We would like to ensure that you are still receiving content that you find useful – please confirm that you would like to continue to receive ILO newsletters.
19 November 2014
The Merchant Shipping Act warranty has been a feature of hull and machinery policies written in the South African market for some time, but its meaning and effect are often uncertain in coverage disputes, owing to the absence of judicial consideration of the clause.
However, in Viking Inshore Fishing (Pty) Ltd v Mutual & Federal Insurance Company Limited, the South African High Court recently had an opportunity to decide on the clause and to revisit the effect of a breach of warranty in South African law insurance policies more generally.
The case concerned the collision between bulk carrier Ouro do Brazil and fishing vessel Lindsay in the early hours of May 8 2005, 18 miles off Sardinia Bay near Port Elizabeth. The Lindsay sank almost immediately and 14 of the 16 crew members perished at sea. A lengthy Court of Marine Enquiry into the incident and the publication of a detailed report with recommendations followed.
The most recent judgment concerns the hull underwriters' repudiation of a claim by the Lindsay's owners under a policy incorporating the Institute Fishing Vessels Clauses and Institute Additional Perils Clauses – Hulls. In defence of the claim, the underwriters placed particular reliance on the Merchant Shipping Act warranty, which stated as follows:
"Warranted that the provisions of the South African Merchant Shipping Act and the regulations pertaining thereto shall be complied with at all times during the currency of this policy, provided that this warranty shall be effective only to the extent of those regulations which are promulgated for the safety and/or seaworthiness of the vessel(s) … It is understood and agreed that this warranty shall in no way be construed to nullify the 'inchmaree' Clause, or any part thereof in the Institute Clauses attached to this Policy."
The specific breaches of the act that the underwriters complained of were those articulated in the Merchant Shipping (Safe Manning) Regulations 1999 – which in summary were that:
Regarding the meaning and effect of a 'warranty' in a policy of insurance, the court restated the principles of South African law on the point. In terms of insurance transactions, a 'warranty' is a statement or stipulation where the validity of the contract depends upon the exact truth or performance by the insured, as the case may be.
Courts will construe such stipulations as they would any other conditions of the policy; but once the meaning has been ascertained, the warranty must be complied with exactly, whether it is material to the risk or not. Strict observance of its terms is a condition precedent to the incidence of liability and the insurer need not prove a causal connection between the loss and the breach of the warranty.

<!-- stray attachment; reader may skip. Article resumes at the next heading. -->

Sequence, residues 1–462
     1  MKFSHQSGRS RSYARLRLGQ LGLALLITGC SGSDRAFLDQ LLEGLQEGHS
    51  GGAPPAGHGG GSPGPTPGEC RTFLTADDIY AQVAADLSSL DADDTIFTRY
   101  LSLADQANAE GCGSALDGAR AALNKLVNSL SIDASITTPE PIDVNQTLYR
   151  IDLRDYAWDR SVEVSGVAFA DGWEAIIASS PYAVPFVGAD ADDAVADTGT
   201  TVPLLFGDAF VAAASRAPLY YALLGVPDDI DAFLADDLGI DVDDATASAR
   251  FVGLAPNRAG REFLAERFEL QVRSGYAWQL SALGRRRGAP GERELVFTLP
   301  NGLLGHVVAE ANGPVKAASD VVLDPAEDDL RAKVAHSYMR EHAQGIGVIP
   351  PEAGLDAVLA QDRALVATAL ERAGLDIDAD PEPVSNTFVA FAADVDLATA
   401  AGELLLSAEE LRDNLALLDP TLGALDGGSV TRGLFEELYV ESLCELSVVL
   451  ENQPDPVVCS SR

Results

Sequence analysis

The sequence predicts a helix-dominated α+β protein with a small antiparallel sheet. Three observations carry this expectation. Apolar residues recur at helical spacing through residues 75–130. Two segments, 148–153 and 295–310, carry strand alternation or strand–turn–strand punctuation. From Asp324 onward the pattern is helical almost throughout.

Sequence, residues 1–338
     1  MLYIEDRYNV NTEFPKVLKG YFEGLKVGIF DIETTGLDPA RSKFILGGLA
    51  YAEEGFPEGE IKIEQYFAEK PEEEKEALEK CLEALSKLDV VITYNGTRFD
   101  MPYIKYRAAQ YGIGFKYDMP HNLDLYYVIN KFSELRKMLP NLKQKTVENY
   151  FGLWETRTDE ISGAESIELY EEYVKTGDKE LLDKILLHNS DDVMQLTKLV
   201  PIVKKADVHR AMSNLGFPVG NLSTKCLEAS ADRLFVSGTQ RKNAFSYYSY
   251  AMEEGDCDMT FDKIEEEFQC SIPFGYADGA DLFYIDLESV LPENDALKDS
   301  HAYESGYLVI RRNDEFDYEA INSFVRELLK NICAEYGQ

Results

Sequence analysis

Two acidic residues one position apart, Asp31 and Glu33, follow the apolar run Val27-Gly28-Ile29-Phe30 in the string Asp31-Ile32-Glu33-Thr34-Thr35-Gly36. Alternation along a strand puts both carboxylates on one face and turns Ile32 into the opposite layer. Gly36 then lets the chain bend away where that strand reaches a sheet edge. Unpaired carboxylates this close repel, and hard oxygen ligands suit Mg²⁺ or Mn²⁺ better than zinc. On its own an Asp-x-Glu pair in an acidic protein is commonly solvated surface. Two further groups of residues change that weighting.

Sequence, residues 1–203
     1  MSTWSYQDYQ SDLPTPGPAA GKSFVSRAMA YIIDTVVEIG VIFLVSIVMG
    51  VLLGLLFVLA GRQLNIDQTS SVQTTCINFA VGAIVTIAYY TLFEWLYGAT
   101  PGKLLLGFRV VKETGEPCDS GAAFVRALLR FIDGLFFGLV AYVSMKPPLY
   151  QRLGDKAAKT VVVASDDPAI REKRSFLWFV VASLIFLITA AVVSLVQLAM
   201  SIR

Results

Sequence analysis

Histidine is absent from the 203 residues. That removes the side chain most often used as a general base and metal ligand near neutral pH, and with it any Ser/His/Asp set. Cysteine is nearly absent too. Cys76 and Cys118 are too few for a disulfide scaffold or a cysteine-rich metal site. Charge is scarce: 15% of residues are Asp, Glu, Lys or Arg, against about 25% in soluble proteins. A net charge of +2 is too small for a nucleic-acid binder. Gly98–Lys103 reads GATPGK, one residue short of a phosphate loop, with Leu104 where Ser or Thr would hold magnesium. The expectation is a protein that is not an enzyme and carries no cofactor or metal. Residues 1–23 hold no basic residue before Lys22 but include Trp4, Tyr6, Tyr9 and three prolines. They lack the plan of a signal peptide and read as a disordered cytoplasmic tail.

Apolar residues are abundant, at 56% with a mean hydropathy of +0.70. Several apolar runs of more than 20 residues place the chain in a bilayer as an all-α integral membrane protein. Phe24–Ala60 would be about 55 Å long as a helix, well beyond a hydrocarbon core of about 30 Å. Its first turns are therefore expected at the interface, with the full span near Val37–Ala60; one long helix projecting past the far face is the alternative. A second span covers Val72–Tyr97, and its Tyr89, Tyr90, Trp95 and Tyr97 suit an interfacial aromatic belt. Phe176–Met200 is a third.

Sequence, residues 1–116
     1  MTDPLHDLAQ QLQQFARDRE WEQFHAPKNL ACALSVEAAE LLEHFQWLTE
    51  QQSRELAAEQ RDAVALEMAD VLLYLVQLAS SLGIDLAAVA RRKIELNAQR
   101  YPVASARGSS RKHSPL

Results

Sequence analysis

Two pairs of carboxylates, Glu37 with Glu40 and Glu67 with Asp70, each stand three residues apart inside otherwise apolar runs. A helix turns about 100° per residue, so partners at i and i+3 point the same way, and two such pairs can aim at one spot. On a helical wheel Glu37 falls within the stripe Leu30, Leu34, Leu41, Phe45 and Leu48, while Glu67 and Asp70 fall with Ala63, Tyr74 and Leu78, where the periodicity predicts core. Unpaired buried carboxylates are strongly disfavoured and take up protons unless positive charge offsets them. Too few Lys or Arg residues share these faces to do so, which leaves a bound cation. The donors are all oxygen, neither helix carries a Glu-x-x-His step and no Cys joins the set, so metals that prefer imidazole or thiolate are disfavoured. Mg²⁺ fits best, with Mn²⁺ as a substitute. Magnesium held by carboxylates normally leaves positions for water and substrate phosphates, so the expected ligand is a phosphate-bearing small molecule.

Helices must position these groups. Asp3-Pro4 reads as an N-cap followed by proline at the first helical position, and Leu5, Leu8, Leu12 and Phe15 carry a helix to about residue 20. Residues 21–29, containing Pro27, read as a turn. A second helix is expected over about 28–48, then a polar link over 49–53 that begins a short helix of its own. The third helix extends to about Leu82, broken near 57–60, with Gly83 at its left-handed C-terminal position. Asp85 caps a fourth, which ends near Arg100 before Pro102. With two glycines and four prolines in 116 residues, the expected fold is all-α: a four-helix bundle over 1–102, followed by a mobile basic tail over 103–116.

The court was satisfied that the Merchant Shipping Act warranty in the policy ought to be construed as a promissory warranty, and that it imposed a duty on the insured to comply with those regulations falling within the ambit of the warranty.
Turning to the second part of the Merchant Shipping Act warranty dealing with the effect of the warranty on the 'inchmaree' clause, the court held that the proper approach was that the warranty and the inchmaree clauses both formed part of the policy and must be read together, as opposed to being treated as mutually destructive as the owners had argued. The court found that the inchmaree clause did not preclude the underwriters from relying on the Merchant Shipping Act warranty as a defence to the claim; rather the insured enjoys cover in the inchmaree clause, but subject to the warranty.
The court concluded that there had been a number of breaches of Merchant Shipping Act regulations and, on that basis, the claim under the policy had failed.
The Merchant Shipping Act warranty withstood judicial scrutiny and the outcome of the case sends a reminder to insureds to have due regard for all warranties included in contracts of insurance, particularly under the Merchant Shipping Act, which contains extensive regulations applicable to the safety and seaworthiness of vessels.
For further information on this topic please contact Jeremy Prain at Bowman Gilfillan Inc by telephone (+27 21 480 7800), fax (+27 21 424 1688) or email (firstname.lastname@example.org). The Bowman Gilfillan website can be accessed at www.bowman.co.za.
The materials contained on this website are for general information purposes only and are subject to the disclaimer.
ILO is a premium online legal update service for major companies and law firms worldwide. In-house corporate counsel and other users of legal services, as well as law firm partners, qualify for a free subscription.